…I was in Brazil to partake in a “peace corps” type project which goal was to reach street youth through circus arts workshops. These activities would be a way to teach the children life skills and introduce them to local shelters and organizations that could become springboards to a better future. Having spent a lot of my youth practicing gymnastics and then becoming a coach, I had been chosen, along with other specialists, to oversee the acrobatics portion of the activities. The close bond we developed with the children and the local street workers accelerated our learning of the Portuguese language, our integration to day-to-day life in Rio, and gave us a privileged peek into Brazilian culture.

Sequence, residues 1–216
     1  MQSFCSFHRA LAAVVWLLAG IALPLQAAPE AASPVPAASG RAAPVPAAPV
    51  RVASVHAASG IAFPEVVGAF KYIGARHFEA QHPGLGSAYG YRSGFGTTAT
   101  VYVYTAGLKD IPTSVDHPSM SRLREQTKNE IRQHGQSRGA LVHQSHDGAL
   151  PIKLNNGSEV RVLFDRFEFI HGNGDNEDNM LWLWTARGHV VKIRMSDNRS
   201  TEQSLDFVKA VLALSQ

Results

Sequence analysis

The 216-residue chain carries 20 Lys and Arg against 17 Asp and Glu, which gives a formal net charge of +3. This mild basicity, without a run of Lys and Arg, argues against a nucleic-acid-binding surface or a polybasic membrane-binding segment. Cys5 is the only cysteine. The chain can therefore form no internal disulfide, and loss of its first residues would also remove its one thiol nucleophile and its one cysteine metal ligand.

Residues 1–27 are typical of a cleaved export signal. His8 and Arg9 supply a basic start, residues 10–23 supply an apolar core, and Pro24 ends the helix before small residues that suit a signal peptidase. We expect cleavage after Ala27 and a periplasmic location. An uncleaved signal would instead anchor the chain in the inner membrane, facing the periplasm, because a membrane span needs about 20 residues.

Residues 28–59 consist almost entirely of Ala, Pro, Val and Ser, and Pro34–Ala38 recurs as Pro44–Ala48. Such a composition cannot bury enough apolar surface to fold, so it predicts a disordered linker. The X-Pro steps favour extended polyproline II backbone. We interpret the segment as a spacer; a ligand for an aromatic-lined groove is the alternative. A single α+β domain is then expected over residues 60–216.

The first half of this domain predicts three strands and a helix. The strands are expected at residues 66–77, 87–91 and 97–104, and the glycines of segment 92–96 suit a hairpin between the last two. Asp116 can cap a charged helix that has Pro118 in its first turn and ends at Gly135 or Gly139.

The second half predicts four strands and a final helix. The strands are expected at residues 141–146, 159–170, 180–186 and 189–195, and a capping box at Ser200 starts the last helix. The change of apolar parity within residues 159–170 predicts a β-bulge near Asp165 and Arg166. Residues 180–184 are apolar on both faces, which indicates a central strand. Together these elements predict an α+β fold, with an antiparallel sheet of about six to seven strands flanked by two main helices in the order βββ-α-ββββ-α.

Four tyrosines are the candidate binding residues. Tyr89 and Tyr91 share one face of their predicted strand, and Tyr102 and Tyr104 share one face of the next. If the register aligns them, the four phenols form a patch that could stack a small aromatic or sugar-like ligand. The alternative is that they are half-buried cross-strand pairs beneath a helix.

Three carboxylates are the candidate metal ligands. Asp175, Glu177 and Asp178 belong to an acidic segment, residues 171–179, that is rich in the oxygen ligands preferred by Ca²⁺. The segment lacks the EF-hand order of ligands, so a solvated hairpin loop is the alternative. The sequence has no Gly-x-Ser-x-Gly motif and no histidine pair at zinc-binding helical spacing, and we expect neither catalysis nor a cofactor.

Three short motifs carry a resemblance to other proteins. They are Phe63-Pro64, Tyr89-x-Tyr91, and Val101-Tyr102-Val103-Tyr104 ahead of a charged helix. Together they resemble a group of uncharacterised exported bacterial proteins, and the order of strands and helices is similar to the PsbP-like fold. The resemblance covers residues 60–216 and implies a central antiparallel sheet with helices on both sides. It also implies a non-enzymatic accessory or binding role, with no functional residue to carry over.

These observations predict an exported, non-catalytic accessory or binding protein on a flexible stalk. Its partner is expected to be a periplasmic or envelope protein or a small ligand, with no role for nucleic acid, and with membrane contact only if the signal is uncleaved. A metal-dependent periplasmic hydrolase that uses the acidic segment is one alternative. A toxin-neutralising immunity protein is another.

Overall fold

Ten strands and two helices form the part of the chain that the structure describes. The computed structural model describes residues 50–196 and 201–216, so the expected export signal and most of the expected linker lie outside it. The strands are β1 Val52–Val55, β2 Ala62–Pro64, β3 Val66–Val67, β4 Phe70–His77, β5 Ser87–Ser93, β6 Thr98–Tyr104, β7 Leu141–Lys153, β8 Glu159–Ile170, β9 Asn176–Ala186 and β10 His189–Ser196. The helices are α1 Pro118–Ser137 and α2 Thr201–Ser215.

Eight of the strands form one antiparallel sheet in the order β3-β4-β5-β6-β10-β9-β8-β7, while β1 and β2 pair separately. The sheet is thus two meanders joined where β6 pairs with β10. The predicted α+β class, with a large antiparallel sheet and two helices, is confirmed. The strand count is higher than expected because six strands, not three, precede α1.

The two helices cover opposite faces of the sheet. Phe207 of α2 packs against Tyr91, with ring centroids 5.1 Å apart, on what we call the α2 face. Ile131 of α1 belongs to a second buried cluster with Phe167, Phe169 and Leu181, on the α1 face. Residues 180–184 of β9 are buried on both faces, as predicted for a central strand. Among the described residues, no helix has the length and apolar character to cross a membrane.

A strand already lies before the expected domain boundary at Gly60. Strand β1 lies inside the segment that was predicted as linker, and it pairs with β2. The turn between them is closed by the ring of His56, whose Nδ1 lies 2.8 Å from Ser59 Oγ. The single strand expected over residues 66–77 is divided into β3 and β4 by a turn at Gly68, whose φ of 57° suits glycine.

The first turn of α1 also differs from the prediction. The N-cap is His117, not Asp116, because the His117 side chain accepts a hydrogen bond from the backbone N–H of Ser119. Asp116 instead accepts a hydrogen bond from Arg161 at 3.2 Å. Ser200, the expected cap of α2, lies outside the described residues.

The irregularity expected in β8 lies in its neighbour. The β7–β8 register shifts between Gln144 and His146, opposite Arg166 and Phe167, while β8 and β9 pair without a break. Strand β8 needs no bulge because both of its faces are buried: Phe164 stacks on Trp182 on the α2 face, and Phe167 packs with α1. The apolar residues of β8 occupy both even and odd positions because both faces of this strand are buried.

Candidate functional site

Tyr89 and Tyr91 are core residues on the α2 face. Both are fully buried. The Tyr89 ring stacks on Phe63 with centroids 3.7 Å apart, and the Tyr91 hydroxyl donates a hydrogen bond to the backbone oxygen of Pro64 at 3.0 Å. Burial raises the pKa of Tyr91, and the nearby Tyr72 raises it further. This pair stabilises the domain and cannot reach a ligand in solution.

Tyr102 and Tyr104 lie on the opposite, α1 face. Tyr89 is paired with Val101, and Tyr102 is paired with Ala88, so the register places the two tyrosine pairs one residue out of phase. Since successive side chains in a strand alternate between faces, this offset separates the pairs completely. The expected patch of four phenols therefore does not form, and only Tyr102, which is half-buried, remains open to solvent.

During my stay, I became close friends with a Brazilian social worker whose bohemian mentality and way of life introduced me to a rich artistic sub-culture that gave me insider access to treasured spots and events. He is the one who gave me the “Posto Nove” rendez-vous, which at the time struck me by its unusual precision, and later fascinated me by its ability to capture all at once what Rio represents to me: acceptance, hospitality, independence and richness of culture. It is only upon returning to Canada that I discovered that the “Posto Nove” at Ipanema beach was not just any meeting place. It gained notoriety in the 80′s, when a well-known politician named Fernando Gabeira was seen strolling on that stretch of beach in a skimpy bathing suit after returning from forced exile to Europe. In the 60′s, he had taken a US ambassador hostage to free political prisoners in Brazil, which at the time was under dictatorship. This controversial man, for his revolutionary actions but also his eccentric personal life, became the figurehead for many generations of left-wing partisans vying for freedom and idealism.